Ald. Tom Tunney
Updated: April 22, 2013 12:03PM
Your Tuesday editorial says the Biss bill is the best chance of solving the state’s unfunded pension problem. It is a shame you ignore a bill that is actually fair to the workers and retirees who have always paid their share while the state legislature has ignored its responsibilities. I am referring to SB 2404, a financially sound and fair way of getting the pension system back on a sound footing.
Maybe I don’t live in the real world you refer to in your editorial, but in my world promises are not made to be ignored and broken, even by governments, and we were promised our pensions.
Steve Spitzer, Rogers Park
Coffee wars brewing in Chicago
Who would’ve thought Chicago’s two coffee powerhouses, Metropolis and Intelligentsia, would become involved in a brewhaha?
Jo Peer-Haas, North Park
Humans make cats look kind
It’s unfortunate that feral cats and pet felines kill so many birds. Cats are natural predators and the best way to handle the problem is to spay and neuter them. That said, cats killing birds is a minor problem in contrast to humans hunting and poaching. At this very moment, humans are massacring elephants, rhinos, tigers, apes, bears, wolves, foxes, sharks, parrots, lions, coyotes, farm animals, dogs, cats, children, women and men. We are not natural predators. We choose to be the most murderous species on the planet.
Brien Comerford, Glenview
No pity for Wrigley rooftop clubs
The Cubs have to be the only team in MLB that is held hostage by its neighborhood. Ald. Tom Tunney’s idea is to take away one of the most unique features — the old scoreboard — of arguably the most beautiful park in baseball so that those who get him elected — the rooftop club owners — are happy. Why in the world are the Ricketts family and the mayor trying to work with these freeloaders? Put up whatever signs the Cubs want! If it blocks the rooftop views, too bad. It’s time to stop worrying about the rooftops and start worrying about the product on the field.
Scott Creed, Mount Greenwood
Stop gun violence
Five hundred people attended the United Power for Action and Justice action on Sunday. It was a moving experience for all attending as we took aim at our target: Helping to curb gun violence.
Attendees included Gov. Pat Quinn, U.S. Rep. Jan Schakowsky, U.S. Rep. Brad Schneider, state Sen. Dan Kotowski, state Rep. LaShawn Ford, state Rep. Kelly Cassidy and Oak Park Village President David Pope. They all spoke eloquently and passionately about the gun violence in our culture and how we have to fight it.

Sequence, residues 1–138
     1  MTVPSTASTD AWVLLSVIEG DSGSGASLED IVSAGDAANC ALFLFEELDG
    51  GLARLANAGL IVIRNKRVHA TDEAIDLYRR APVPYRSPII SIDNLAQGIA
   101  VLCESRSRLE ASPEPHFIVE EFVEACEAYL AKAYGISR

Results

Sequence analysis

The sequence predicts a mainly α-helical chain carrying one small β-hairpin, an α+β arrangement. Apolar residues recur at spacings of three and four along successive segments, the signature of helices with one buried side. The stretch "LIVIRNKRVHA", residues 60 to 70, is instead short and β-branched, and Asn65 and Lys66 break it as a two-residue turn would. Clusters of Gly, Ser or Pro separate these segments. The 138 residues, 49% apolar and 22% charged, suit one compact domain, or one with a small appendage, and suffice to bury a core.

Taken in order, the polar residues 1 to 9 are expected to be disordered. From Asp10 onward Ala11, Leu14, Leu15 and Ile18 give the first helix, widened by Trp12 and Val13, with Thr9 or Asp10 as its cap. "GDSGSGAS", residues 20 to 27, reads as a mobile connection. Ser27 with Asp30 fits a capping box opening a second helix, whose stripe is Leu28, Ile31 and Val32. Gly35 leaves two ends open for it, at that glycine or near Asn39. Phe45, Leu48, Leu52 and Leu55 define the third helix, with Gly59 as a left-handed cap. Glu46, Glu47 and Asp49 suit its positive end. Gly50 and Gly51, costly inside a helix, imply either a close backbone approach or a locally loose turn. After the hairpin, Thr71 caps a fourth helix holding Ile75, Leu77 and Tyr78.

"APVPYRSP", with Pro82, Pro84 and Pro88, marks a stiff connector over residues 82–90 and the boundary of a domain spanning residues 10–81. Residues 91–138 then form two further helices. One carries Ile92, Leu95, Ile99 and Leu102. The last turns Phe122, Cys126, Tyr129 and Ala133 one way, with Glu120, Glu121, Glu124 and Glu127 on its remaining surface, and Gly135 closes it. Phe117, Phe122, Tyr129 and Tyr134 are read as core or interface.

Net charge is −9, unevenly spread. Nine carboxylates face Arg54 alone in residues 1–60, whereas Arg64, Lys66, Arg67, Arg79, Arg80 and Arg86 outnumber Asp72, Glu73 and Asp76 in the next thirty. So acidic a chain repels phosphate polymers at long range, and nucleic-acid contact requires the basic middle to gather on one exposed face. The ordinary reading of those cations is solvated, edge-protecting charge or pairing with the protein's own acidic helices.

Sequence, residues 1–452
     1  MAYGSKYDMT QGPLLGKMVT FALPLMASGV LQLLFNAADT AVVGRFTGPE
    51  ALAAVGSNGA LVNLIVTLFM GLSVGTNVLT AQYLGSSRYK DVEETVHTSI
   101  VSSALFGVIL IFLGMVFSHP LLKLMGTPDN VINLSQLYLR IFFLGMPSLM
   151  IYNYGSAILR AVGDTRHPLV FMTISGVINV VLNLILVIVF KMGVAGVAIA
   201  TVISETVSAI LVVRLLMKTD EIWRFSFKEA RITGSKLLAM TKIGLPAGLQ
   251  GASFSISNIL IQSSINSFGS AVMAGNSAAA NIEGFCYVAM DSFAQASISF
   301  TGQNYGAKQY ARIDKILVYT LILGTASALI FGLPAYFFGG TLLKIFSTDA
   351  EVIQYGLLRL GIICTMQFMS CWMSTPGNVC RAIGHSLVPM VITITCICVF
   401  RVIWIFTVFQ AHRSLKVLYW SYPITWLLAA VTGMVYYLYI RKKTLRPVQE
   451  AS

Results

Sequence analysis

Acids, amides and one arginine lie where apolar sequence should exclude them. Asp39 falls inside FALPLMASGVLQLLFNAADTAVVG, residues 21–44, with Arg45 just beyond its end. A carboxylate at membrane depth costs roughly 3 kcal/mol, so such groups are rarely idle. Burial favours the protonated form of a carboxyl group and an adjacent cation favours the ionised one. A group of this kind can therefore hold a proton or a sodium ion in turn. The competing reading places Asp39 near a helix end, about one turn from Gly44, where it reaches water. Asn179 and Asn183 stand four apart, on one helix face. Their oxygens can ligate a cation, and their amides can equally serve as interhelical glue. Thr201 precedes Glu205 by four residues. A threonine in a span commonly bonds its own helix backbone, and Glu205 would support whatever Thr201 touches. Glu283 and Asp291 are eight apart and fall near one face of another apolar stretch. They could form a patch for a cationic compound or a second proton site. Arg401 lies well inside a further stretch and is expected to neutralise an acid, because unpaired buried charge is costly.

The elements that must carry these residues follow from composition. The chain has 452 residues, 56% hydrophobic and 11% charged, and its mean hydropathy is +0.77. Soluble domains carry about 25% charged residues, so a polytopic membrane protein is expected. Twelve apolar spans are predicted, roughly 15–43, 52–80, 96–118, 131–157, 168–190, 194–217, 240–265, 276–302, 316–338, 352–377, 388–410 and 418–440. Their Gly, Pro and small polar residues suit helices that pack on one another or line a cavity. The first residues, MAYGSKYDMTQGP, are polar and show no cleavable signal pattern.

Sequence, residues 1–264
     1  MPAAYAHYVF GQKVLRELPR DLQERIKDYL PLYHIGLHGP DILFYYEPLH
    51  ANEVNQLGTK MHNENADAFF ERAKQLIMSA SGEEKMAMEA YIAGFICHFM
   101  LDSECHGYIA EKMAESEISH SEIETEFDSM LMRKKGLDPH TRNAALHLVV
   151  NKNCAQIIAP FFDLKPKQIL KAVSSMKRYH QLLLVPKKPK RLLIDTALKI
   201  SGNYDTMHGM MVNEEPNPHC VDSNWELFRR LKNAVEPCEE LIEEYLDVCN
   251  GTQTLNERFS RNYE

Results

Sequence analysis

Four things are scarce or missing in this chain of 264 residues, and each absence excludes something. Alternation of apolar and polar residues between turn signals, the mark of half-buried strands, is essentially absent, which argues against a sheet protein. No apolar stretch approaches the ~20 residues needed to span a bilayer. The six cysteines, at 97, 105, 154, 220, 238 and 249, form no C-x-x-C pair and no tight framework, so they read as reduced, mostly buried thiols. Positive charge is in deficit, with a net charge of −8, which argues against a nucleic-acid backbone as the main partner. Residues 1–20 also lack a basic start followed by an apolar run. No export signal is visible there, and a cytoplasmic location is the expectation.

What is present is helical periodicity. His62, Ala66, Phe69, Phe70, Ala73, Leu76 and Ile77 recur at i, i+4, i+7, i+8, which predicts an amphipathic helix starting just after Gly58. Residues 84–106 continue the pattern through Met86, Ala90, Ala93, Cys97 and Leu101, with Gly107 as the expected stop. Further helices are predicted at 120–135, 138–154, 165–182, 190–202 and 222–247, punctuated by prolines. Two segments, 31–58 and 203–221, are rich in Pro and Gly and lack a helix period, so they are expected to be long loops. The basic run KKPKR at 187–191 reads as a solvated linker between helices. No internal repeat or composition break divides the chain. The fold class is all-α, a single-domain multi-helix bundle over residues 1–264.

The United Power’s anti-violence slogan is “Do not stand idly by” as your neighbor’s blood in shed. United Power urged citizens to email or call elected politicians. Let them know what you want: personalized safety codes on all guns, universal background safety checks, all guns must be registered, no automatic rifles, maximum ammo clips, all guns must be carry insurance. It is a deadly weapon just like a vehicle, right? Why not force all gun-owners to carry gun insurance along with gun registration? Don’t let the NRA take the lives of our children. Do not stand idly by. Let your voice and your vote count.
Jacqueline Combs Nelson, Park Ridge
Transparent Chicago politicians
The great thing about Chicago politicians is how transparent they are. We don’t need to seek out corruption in this town by “following the money.” The money takes the Red Line to Addison, walks a block north to the corner of Waveland and Sheffield, and then punches us in the nose.
That Ald. Tom Tunney would even dare to suggest that the Chicago Cubs demolish the beloved and iconic hand-operated scoreboard — an aspect of Wrigley that the City Council landmarked, for the love of Ernie Banks! — just demonstrates how beholden he is to his reliable campaign contributors, the saloon-keeper parasites of the rooftop “clubs” across from Wrigley Field. The Chicago Cubs are a private business, operating without state subsidy (unlike the other baseball team crosstown) and should be allowed to do as they see fit with their physical plant, including revenue-generating signage that might block the view of some of the crybaby rooftop owners.
Bill Savage, Rogers Park